When the 90 day probationary period Bill was introduced, many people got hot under the collar. There were those that were thrilled.

They were predominantly employers who favoured the proposal on the basis that it would give them the opportunity to hire employees, they might not otherwise hire, without fear of a personal grievance and the associated costs.

Some employees likely saw merit in it as well; on the basis that it might afford them employment opportunities they might otherwise have missed out on.

There were also many who were not in favour, fearing that it would lead to a number of employers choosing to employ employees for 89 days and then terminating their employment. Those most vocally opposed to it have been employees and unions.

The reality is that the legislation was introduced with relatively little fuss and has been in place since 1 March 2009, for the last approximately 12 months, attracting little attention. Until now.

The Government has now indicated that it is looking at changes to this area of the Employment Relations Act 2000.

Perhaps coincidentally, in the last six months we have seen a few cases starting to appear exploring what constitutes a lawful trial period under the legislation. Maybe this development in the case law has led the Government to the conclusion that changes and/or clarifications are required?

As the law currently stands, employers with less than 20 employees can hire an employee and lawfully include a trial period in the employment agreement. The agreement may specify that the first 90 days of their employment is a trial period, and that the employer can terminate the employment during that period.

The most significant aspect is that the employee has no ability to pursue a personal grievance relating to that termination.

The case law to date indicates that there is still some confusion about the difference between a trial period and a probationary period, whether you can have a trial period for less than 90 days and what happens if you express the trial period to be for three months when in fact three calendar months works out to be 91 days…

It is important to bear in mind that not all employment agreements entered into by employers with less than 20 employees will contain a trial period. The legislation refers to “an employee whose employment agreement contains a trial period…”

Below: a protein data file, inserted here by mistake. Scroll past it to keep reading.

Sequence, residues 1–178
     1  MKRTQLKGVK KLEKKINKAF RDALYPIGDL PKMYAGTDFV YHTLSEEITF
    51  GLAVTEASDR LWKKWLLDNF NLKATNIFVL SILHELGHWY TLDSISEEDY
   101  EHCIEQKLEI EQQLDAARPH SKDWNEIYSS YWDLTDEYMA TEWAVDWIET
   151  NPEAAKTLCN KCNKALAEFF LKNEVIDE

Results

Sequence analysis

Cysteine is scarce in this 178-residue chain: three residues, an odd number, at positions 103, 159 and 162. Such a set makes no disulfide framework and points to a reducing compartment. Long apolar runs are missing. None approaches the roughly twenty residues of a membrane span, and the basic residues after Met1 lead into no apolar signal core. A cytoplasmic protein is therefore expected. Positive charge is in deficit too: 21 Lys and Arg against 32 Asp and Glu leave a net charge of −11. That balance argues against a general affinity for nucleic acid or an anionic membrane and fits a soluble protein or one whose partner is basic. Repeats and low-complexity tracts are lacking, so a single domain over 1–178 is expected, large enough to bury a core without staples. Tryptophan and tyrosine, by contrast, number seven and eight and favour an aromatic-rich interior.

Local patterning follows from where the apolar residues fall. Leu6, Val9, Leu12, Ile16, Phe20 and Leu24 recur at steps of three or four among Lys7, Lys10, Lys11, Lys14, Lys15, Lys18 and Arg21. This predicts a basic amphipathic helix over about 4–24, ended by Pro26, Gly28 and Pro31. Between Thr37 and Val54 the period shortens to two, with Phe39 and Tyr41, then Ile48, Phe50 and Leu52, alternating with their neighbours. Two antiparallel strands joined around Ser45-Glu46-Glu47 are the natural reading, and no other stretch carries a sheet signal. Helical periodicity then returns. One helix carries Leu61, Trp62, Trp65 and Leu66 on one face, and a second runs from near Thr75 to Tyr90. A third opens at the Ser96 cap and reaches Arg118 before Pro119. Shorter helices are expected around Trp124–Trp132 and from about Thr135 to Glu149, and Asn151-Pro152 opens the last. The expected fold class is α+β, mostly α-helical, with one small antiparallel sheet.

However, the practical reality is that if an employer wants to hire an employee and include a trial period in the employment agreement, and the employee refuses to consent to the inclusion of the trial period, the employer is unlikely proceed with the offer and instead, make an offer to another applicant who is willing to agree to a trial period.

So an applicant can specify they don’t want a trial period in their employment agreement – but they may not get the role. The best thing for an employer to do is to be up front from the outset about whether the intention is to include a trial period in the employment agreement.

Another issue is when exactly a trial period commences in circumstances in which it is included in an employment agreement that is signed after employment has commenced (the legislation refers to a specified period, not exceeding 90 days) starting with the beginning of the employee’s employment).

Is it from the date the employee signs the agreement or the actual first day of work?

Those are issues that are currently before the Employment Relations Authority and/or Employment Court, and have yet to be determined. So it is very much a case of ‘watch this space’ in terms of developments in this area of the law.

The main aspect of the latest proposal flagged by the Government is that it is extended to all employers; not just those with less than 20 employees. How significant is that? Will it really make a difference?

Anecdotally, I understand that approximately 80% of New Zealand businesses in fact have less than 20 employees and are therefore covered by the legislation now. So how significant is a proposal to extend it?

Do New Zealand’s larger companies; the likes of Fonterra, Air New Zealand and The Warehouse, with their own sophisticated internal legal and HR teams, need the protections offered by this part of the legislation? Does it in fact offer protection? And if so, for who?

A 90 day trial period – is it tantamount to a right to hire and fire at will and is it therefore to the detriment of employees, or does it achieve what it set out to, and does it give employers some comfort when taking a risk on an applicant? Can you find one good reason to love or hate it – let alone 90…?

Bridget Smith
NZ Herald